DrLuke wrote:The pull-down resistor isn't necessary, as the pins of the arduino are of a push-pull-type, meaning they can both source and sink a current.
ameyer wrote:Ok, you are right. BUT.... if the pin ends up floating the transistor will trigger. So as a safety precaution I think we should leave it incase the wire came lose you dont want it to activate.
You basically have an In called the Source, an Out called the Drain, and a Control called the Gate. When you send a HIGH signal to the gate (control pin), the transistor switches and allows current to flow from the source (in) to the drain (out).
Xnient wrote:DrLuke wrote:No, it "drains" the technical current and then "sources" it again.
Ah, yes, that makes more sense. But I think my correction is still valid.
Your statement is actually correct if you use the electron flow current model (ie, current flows from the negative of a battery, though your circuit and back into the positive terminal). Most people (at least that I know of) use the conventional current model (where current flows from the positive of a battery, through the circuit and into the negative). In this case the statement that I mentioned above is backwards.
If your brain uses the electron flow model, you can just reject (and delete if you like) my complaints. It was shortsighted of me to think that the conventional current model is the only one in practice.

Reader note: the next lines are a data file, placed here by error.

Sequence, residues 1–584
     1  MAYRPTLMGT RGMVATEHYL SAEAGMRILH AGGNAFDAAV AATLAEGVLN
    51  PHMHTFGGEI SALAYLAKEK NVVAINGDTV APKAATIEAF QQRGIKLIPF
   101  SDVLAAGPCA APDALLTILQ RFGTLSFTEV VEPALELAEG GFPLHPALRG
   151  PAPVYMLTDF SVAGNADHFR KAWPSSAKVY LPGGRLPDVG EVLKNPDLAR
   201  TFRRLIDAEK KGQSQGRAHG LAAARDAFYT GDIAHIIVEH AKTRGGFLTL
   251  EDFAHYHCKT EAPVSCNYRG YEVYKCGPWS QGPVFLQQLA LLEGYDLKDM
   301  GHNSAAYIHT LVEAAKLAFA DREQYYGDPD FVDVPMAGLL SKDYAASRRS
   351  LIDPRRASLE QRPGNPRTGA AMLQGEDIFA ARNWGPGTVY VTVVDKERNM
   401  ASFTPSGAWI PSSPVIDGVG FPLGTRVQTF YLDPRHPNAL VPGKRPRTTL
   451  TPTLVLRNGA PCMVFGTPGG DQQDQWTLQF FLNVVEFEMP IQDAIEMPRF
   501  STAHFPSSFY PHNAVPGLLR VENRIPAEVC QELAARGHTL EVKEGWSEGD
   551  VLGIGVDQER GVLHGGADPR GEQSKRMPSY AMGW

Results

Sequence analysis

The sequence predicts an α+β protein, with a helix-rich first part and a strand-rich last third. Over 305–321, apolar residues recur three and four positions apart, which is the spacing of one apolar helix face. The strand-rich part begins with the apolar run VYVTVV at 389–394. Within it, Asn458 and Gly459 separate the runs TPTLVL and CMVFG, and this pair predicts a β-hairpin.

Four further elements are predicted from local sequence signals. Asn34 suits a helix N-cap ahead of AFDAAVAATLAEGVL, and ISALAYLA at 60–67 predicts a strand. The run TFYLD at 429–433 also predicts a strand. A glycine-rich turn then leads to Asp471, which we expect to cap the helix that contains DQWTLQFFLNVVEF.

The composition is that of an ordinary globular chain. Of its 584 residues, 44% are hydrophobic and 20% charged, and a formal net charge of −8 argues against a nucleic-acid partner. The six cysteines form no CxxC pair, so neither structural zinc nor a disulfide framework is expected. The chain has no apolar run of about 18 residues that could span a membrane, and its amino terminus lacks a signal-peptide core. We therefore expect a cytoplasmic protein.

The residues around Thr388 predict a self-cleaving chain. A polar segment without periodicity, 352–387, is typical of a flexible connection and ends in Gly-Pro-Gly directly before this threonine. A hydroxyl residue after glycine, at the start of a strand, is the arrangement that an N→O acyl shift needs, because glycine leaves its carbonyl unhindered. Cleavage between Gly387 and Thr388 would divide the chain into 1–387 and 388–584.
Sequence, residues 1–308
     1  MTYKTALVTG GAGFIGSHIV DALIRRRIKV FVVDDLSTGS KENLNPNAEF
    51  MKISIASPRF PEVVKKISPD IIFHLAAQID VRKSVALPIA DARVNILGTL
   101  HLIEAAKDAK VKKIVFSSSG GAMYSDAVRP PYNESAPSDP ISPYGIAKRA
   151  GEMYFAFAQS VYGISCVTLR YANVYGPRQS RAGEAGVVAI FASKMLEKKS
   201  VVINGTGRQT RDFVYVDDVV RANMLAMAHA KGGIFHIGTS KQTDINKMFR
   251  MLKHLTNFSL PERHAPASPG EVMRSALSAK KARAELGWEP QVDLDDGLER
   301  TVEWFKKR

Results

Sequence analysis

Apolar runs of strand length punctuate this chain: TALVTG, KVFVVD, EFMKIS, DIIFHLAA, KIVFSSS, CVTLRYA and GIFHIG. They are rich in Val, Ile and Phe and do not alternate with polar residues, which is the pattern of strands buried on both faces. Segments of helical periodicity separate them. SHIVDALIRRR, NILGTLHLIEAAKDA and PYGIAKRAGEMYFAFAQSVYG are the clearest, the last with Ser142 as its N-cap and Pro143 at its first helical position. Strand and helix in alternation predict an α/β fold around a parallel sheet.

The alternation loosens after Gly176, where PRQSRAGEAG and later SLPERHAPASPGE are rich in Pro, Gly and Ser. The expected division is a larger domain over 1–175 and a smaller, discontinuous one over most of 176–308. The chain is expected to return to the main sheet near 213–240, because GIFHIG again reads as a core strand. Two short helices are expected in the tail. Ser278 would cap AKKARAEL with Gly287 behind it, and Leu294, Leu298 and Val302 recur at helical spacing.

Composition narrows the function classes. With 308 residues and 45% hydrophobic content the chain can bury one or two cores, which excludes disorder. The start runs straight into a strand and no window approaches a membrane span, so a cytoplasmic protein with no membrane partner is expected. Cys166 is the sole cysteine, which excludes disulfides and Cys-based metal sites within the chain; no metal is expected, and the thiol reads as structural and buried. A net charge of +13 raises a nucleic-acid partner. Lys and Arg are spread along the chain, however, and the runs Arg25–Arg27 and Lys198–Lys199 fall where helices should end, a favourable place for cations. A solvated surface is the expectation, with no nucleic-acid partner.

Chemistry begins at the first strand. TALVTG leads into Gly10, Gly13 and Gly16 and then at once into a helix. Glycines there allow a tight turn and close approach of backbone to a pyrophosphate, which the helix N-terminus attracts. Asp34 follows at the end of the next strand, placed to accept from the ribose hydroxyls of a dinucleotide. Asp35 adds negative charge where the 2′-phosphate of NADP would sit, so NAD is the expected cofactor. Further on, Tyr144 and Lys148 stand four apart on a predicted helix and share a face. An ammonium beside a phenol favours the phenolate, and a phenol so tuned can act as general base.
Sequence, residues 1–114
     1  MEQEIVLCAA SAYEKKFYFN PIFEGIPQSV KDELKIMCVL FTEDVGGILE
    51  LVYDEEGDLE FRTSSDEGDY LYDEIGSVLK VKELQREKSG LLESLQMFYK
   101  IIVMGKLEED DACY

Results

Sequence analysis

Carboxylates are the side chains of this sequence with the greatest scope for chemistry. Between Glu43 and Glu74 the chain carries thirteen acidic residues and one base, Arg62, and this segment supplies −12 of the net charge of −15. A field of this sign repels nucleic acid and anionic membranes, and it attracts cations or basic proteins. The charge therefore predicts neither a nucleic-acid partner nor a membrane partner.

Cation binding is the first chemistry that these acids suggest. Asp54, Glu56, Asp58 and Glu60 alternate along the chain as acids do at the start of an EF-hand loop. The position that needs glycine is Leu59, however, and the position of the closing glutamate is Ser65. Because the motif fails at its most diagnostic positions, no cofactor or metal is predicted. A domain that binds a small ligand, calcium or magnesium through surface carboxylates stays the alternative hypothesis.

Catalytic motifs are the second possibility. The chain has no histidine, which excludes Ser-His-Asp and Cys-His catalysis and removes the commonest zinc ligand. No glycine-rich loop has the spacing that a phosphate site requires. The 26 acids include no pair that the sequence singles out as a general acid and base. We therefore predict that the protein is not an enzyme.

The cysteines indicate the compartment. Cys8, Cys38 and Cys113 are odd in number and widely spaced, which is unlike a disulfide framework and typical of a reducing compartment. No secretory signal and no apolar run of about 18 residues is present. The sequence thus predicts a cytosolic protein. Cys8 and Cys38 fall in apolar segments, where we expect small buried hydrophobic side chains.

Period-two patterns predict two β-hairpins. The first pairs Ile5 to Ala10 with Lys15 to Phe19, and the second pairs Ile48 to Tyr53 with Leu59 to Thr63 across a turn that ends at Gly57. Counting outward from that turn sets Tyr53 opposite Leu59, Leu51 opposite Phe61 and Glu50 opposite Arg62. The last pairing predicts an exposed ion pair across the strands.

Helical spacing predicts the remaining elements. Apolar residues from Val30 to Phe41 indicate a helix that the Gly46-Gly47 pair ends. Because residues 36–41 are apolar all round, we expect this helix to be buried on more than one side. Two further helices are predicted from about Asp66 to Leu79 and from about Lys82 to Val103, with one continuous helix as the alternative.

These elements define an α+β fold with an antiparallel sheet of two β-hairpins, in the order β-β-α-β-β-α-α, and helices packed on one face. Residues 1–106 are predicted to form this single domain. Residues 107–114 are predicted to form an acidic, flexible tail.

wezside wrote:Is there a reason why the pull-down resistor is not present in your previous post http://bildr.org/2011/03/high-power-control-with-arduino-and-tip120/?
profmuggs wrote:I am trying to understand the difference between FET and BJT transistors. You say in this tutorial that you can use either to accomplish the same thing, but that they require a different setup. Why would you use one over the other?
This video is showing the capabilities of PWM with the RFP30N06LE. The light, though it looks like a standard house light, is actually a 15W 12V DC light.
whitnasty1 wrote:Could you link me to where you picked up that light bulb that you are switching in the video? Could you also give me a quick run down of the specs on it? I want one to play with! I thought most bulbs like that ran off of AC voltage? Anyways great write up as always, and if you could just show me where you got that bulb I would be most appreciative.
whitnasty1 wrote:Oh okay thank you very much, must have missed the link to the actual bulb in the article. What kind of receptacle for the bulb are you using? Just a standard one from any home improvement store or are you using something specifically? If you are could you give me an example of what I need to purchase? Thanks very much and keep up the great work on this awesome site!
jayusa123 wrote:There seems to be an error in the third diagram. The flyback diode isn't necessary across the lamp leads. The article text is correct and indicates that only 2 of the 3 diagrams should show a diode, but it appears in all three.
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